Browsing the Internet for opportunities
Simply said, the Internet is rich with opportunities to bring the messages home to the right individuals in the targeted communities. Bringing the messages home means finding the right target words to match the SEO (Sear Engine Optimization) opportunities to send their way the articles of interest instead of worrying if a message sent directly will reach the target audience soon enough for your purposes. To do this, simply seek out the articles from your audiences’ own websites and social media and begin to integrate those words with a purpose in your own articles. The other agencies that use these targeted words will pick them up too, doubling or tripling or more your efforts instead of simple one-on-one emails and direct social media connections.
New techniques in developing social media connections can be derived within media sharing with other agencies that share the passion of this good organization. Instead of wondering how you can do this work alone, don’t! Ask if other organizations that are similar in nature wish to join you in bringing good messages to their established set of responders and vice versa. Two heads are better than one! This can be done with a meta-search for targeted other nonprofits that share a short list of SEO words of importance with your own organization.
Consider hiring a word detective software for just this purpose
There are now SEO companies and individual software for handling these hook-ups with other organizations and with target audiences. A simple search of reviews can determine the cost, effectiveness and budget for finding the right tool to make this work simple. From there, contacting other nonprofits to urge them to join your rankings among unusual small organizations can be conducted in an organized, prioritized way. These couplings, although duly noted as “rival organizations” can show a willingness to forge bonds through common purposes and a true community spirit.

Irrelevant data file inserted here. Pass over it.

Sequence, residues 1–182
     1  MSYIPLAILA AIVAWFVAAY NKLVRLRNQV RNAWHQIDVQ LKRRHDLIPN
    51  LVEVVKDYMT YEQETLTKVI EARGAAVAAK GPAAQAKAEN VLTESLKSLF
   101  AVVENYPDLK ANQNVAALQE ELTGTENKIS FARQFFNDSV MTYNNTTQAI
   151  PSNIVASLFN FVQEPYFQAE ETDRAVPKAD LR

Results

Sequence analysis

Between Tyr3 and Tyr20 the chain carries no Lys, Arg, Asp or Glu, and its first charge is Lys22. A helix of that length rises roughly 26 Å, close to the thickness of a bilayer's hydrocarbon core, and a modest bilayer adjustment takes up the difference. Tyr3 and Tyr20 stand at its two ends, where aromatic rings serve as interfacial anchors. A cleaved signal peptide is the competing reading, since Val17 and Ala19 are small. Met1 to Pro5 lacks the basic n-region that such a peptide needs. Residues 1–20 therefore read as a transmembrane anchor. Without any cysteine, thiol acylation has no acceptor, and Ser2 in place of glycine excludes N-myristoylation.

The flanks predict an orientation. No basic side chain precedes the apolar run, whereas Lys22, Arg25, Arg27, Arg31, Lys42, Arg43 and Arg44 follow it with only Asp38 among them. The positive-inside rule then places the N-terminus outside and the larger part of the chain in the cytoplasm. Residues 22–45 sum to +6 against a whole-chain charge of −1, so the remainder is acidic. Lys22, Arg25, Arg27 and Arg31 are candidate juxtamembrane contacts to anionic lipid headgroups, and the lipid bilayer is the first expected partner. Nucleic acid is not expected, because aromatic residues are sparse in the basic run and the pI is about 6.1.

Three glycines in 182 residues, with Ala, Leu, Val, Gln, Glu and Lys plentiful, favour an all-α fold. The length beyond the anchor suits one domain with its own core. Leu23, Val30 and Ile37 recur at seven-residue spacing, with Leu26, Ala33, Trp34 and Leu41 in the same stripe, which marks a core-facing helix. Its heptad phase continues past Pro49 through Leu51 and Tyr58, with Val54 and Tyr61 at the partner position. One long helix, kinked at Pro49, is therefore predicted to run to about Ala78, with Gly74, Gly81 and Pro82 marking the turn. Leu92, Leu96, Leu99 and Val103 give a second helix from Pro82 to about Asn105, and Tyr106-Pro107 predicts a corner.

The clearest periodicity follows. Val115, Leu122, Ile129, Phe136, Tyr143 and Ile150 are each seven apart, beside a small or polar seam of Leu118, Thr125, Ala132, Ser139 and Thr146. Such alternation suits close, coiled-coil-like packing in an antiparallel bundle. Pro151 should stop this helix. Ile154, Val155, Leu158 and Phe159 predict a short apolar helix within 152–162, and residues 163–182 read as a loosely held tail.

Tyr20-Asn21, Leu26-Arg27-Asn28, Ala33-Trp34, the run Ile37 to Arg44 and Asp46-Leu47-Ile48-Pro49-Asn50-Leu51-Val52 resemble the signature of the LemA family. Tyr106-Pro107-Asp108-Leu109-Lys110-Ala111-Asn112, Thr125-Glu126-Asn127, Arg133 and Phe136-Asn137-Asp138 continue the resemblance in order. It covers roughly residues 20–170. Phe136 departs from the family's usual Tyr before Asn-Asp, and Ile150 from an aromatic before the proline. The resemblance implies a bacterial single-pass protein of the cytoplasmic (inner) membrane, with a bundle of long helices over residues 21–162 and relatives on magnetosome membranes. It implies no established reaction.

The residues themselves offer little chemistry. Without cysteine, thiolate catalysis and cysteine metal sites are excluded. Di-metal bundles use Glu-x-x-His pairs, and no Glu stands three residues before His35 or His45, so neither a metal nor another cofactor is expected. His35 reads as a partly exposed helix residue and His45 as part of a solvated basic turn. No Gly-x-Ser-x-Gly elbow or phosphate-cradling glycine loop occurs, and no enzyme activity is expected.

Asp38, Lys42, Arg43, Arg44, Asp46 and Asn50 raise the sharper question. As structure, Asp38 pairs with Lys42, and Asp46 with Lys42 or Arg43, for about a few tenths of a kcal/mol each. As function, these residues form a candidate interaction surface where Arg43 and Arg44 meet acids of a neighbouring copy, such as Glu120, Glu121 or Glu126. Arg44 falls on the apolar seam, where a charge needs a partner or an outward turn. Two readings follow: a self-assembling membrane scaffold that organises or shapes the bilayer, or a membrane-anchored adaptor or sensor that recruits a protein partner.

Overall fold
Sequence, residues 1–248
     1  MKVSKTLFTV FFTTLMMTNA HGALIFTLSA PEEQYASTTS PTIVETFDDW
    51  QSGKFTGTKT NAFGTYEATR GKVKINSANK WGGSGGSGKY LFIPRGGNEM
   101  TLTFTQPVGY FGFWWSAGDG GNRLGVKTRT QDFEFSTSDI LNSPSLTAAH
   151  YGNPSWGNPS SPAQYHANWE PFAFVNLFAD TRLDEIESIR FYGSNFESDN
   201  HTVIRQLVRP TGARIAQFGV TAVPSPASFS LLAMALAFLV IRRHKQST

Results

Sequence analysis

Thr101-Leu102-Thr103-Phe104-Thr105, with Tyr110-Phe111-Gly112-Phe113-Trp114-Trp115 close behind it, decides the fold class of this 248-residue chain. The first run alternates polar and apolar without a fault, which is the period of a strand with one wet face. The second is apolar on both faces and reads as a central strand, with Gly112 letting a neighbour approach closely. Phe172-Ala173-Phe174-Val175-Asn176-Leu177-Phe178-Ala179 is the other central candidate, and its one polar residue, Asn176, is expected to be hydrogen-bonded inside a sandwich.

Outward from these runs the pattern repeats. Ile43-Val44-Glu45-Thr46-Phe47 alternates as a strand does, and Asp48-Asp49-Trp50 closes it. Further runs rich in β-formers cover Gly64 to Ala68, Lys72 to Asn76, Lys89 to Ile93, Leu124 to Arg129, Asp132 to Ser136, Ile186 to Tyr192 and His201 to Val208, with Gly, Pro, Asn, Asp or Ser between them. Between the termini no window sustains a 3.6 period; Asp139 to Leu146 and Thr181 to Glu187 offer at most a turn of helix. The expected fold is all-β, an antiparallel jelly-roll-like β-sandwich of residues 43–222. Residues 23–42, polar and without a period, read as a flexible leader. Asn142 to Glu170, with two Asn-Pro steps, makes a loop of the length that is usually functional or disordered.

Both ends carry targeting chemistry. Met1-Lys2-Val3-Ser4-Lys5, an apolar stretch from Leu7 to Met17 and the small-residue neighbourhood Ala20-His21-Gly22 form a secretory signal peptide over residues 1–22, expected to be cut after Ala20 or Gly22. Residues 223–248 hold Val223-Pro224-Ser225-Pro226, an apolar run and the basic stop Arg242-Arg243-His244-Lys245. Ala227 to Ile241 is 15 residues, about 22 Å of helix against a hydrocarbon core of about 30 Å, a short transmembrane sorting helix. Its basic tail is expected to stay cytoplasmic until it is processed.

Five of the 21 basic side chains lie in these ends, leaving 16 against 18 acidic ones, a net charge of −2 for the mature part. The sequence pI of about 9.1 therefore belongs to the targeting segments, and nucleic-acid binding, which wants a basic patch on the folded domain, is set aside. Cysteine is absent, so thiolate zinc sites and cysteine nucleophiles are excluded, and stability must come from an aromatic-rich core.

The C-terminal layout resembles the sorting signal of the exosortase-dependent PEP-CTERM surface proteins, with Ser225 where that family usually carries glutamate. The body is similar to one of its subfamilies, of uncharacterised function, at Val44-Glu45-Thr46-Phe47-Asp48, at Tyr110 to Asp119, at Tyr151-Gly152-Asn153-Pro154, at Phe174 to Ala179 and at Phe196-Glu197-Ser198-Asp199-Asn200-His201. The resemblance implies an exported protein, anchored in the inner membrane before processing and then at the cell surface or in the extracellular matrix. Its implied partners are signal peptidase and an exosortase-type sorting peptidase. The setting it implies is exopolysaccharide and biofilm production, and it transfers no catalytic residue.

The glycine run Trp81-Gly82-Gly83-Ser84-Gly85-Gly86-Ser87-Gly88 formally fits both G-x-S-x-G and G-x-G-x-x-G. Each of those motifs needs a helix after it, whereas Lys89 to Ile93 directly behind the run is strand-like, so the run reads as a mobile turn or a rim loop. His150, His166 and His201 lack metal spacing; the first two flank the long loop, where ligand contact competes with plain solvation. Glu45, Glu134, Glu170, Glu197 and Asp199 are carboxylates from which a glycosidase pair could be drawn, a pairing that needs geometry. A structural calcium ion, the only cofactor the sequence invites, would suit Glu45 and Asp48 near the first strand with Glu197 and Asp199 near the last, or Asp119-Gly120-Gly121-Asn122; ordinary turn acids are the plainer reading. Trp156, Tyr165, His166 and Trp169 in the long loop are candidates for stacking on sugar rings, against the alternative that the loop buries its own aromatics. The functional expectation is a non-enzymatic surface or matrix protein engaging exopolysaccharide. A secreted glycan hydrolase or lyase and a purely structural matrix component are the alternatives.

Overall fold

Other venues for PR
For volunteers who thrive on social media, developing a plan that integrates a number of social media with a single-but-varied message can charge the organization’s initial message multiple fold. Taking apart the main message and seeking just the right variety of target audiences, mixing and matching, can make short work of getting to the right donors, both individual and organizational.
Starting with the message itself and creating a theme and variations for each different type of social media and the right website, organizations will pick up the target message within news media, nonprofits, government, foundations and more. Adjusting to time differences around the globe, be prepared for a request from organizations you never thought might reach out to the message being sent. This world impact is critical for Reap’s mission and the mission of similar agencies of goodness.
Be prepared for news outlets, online and otherwise, to reach out after SEO searches bring the topic to their attention. Be prepared with an interview set of questions and answers for radio, online streaming, and digital television. Groom a spokesperson with the right personality for sending the messages home with enthusiasm, charm and wit. Multigenerational themes may require volunteers within age ranges to match the medium to the age bracket and interest level. Charts can be made to mix and match topic, message relativity with media websites, social media platforms and age appropriateness.
Developing short curricula for schools for different grade levels all the way into undergraduate institutions will give students internal information of a new nature for their interest and deeper study.
Summaries and recording
As you progress in your PR planning, include all efforts, whether successful or not, in a summary for each effort. These can be collected into a lengthy report of who conducted what research, who wrote what messages, who delivered them, and what the outcome was. These summaries and recordings can do two things:
1. Provide a record of marvelous efforts on the part of volunteers for later rewarding them appropriately as they deserve and
2. Reporting to the board of directors as a means of challenging them to raise funds to support such magnificent efforts.
Congratulations in advance!